Children with extra small head not a curse, witchcraft
HEALTH & SCIENCEBy MACTILDA MBENYWE | Mon,Dec 06 2021 12:45:00 EATBy MACTILDA MBENYWE | Mon,Dec 06 2021 12:45:00 EAT
After Dorothy Achieng gave birth to her daughter 15 years ago, she woke up and found nurses staring at her with unusual curiosity.
She had not experienced any complications during pregnancy or when giving birth to Zaida, her second-born. But Dorothy got anxious when a neurologist started examining the baby before asking: “Did you know your child developed Microcephaly?” Confused Achieng, replied, “What is Microcephaly?”
More tests revealed that Zaida’s head was significantly smaller than expected as her brain had not fully developed.
Dr Lee Ogutha, a consultant neurosurgeon and a lecturer at Maseno University, explains that microcephaly is a rare condition in which a baby’s head is smaller than average for that age.
Dr Lee Ogutha says the size of a baby’s head is measured and compared to a Head Circumference Chat for boys and a Chat for girls.
A baby’s head is measured every month and it’s supposed to grow at a certain rate based on the Standard Chat. But the heads of babies with Microcephaly do not follow the chat which Dr Ogutha says “should tell if the head is within the normal range, whether too large or too small.”
The condition has no cure and in Kenya, there is no documented data on it. However, in the USA it occurs in about two to 12 per 10,000 live births.
Dr Ogutha has attended to three cases of microcephaly at Pediatric Neurosurgery Centre in Nairobi in his career as a neurosurgeon and notes that “some children who have this condition end up with birth defects and congenital effects. They might die before we get to see them in hospitals.”
Dr Ogutha explains that microcephaly is caused by congenital malformations which can be hereditary like Down syndrome- in which a baby has three copies of chromosomes instead of the usual two copies in all cells, affecting the brain.
Microcephaly can also develop via mother to child infections while the baby is in the uterus. Toxins like mercury, alcohol abuse during pregnancy, malnutrition and exposure to radiation can also cause microcephaly.
In the case of Dorothy, medical records indicate she lacked proper vitamins and nutrients besides alcohol consumption during pregnancy and the reason Zaida suffered from the condition.
Dr Ogutha also adds that microcephaly can also be caused by the virus that causes herpes, chickenpox, syphilis and the Zika virus - whose spread in Brazil in early 2015, also saw a peak in the number Microcephaly cases from between 3.6 million and 5.4 million in two years to 2017.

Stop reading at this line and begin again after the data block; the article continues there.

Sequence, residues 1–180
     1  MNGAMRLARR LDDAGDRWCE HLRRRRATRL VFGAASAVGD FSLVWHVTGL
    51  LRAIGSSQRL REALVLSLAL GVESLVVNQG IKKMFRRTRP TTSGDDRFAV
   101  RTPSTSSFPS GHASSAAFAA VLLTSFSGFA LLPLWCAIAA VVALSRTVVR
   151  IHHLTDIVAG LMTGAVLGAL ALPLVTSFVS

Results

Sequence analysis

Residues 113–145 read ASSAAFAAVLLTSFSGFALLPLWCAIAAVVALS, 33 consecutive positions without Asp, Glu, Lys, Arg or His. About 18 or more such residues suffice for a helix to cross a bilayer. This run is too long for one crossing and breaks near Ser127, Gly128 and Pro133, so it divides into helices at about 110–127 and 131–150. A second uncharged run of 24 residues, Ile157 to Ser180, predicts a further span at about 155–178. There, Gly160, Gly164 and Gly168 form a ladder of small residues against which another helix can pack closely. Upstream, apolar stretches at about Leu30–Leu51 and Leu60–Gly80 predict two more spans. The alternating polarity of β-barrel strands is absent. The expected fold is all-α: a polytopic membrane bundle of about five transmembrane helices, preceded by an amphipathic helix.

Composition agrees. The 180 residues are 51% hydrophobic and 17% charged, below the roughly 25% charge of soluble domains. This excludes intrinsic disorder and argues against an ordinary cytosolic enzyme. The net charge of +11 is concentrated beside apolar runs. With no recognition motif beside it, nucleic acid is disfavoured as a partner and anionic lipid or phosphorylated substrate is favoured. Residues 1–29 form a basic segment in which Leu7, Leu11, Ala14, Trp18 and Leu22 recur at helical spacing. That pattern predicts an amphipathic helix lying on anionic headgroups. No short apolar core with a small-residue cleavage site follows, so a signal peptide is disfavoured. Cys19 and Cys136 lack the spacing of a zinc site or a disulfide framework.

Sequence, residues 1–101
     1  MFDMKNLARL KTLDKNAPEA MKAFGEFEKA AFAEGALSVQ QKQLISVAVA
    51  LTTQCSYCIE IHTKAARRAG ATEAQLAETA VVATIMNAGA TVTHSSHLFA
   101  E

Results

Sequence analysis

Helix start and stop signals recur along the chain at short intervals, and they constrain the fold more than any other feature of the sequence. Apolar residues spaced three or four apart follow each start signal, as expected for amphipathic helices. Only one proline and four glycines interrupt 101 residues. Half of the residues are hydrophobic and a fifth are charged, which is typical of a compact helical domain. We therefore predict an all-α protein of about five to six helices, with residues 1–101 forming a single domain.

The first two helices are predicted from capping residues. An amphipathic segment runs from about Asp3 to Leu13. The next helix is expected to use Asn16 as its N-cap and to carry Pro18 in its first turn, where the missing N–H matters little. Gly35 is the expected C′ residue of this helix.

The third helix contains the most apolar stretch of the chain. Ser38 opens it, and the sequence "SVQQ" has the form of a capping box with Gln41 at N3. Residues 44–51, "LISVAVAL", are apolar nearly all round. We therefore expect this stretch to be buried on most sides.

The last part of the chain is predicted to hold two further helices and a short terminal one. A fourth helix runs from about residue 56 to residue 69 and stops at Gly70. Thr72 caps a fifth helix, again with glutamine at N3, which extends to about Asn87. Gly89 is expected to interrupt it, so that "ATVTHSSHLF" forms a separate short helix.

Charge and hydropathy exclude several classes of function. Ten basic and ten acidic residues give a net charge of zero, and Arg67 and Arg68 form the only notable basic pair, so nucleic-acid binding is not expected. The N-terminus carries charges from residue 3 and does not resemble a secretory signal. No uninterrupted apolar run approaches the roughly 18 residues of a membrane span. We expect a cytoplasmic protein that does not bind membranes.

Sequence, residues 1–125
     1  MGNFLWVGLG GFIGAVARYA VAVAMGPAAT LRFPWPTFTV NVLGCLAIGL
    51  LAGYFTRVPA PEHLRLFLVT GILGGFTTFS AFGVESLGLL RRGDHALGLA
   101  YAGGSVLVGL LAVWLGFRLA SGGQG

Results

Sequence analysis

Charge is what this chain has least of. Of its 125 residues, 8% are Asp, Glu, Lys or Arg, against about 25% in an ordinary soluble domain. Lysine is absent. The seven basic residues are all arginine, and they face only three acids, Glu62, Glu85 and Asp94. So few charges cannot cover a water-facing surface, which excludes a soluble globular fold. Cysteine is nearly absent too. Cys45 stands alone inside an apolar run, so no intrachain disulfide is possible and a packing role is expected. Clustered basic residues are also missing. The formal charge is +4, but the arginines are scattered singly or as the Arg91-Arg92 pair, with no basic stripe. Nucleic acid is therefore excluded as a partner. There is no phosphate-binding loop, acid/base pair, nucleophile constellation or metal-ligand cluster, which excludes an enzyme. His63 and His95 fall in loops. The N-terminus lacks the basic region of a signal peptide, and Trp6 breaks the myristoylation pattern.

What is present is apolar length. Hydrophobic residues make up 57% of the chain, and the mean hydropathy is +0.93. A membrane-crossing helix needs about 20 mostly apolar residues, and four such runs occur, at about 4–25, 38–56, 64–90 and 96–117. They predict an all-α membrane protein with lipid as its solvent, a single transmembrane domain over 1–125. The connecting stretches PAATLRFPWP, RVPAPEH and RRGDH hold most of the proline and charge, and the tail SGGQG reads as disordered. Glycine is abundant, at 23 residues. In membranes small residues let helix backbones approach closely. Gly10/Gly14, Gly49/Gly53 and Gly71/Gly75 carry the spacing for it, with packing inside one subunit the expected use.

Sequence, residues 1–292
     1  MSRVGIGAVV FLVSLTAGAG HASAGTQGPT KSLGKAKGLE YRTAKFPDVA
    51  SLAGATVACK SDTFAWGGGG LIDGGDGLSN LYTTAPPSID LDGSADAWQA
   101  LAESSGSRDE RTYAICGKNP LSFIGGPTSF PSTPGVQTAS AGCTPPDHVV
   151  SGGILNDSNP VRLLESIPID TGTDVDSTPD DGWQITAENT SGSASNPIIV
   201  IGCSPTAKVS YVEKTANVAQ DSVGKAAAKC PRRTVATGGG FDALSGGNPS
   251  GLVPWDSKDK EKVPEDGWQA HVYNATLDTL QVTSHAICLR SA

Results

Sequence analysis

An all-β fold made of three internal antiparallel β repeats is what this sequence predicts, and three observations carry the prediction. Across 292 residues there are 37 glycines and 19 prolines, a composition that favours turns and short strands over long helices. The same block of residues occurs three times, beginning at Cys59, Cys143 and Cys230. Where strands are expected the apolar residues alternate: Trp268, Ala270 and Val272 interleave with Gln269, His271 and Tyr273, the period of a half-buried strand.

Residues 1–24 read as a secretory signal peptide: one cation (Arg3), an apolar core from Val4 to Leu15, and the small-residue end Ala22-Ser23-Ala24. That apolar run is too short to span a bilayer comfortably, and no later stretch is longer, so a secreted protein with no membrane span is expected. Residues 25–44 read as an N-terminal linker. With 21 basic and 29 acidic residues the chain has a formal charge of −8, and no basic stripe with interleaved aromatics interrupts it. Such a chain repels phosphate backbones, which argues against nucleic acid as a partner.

The bombing of Nagasaki and Hiroshima, Japan during World War II led to many being exposed to radiation which also saw increased number of babies born with microcephaly.
Dr Ogutha also reckons that “one can also have other kinds of destructive injuries that affect blood vessels such that fetus develop stroke even before and after they are born causing a disruption in the development of the brain.”
Whole about 10-12 percent of these babies have normal intelligence, the majority suffer intellectual disability and learning difficulties, speech delays and seizures which are commonly accompanied with abnormal muscle function ending up with trouble walking and balancing.
For Zaida, Dorothy says “she depends on me on everything, she cannot control call of nature, she is now a teenager with normal menses but I have to take care of her.”
Dr Ogutha explains that “what determines the level of life expectancy is the severity of the condition and the environment in which the child grows,” as those whose damage to the brain is not severe can live a long life in a supportive environment compared to those who are not.
Dr Ogutha says since there is no cure, all an expectant mother can do is have good maternal nutrition and “minimize risk by avoiding alcohol during pregnancy and situations that can cause infections to occur during pregnancy.”
Support for children with microcephaly include physiotherapy, speech therapy and occupation therapy-to help them adapt to activities they can do by maximizing their ability and cost depends on type and class of hospital, but those with NHIF cover and on UHC scheme can afford basic treatment in public hospitals.
But for Zaida, her mother could not afford treatment and “for the last five years she has not received medical care save for malaria and other common illnesses,” says Dorothy.
Another neurologist, Dr Symon Kariuki of KEMRI-Welcome Trust observes that stigma in some communities that microcephaly is caused by curses or witchcraft, sees parents hiding their children, yet the condition “is as a result of accidents that happen or due to congenital malfunctions the public and parents must understand this, it shouldn’t be feared nor parents blamed.”
In the case of Dorothy, Zaida’s father “left us and life had to continue, he blamed me to have given birth to a curse and a disgrace to the family.”
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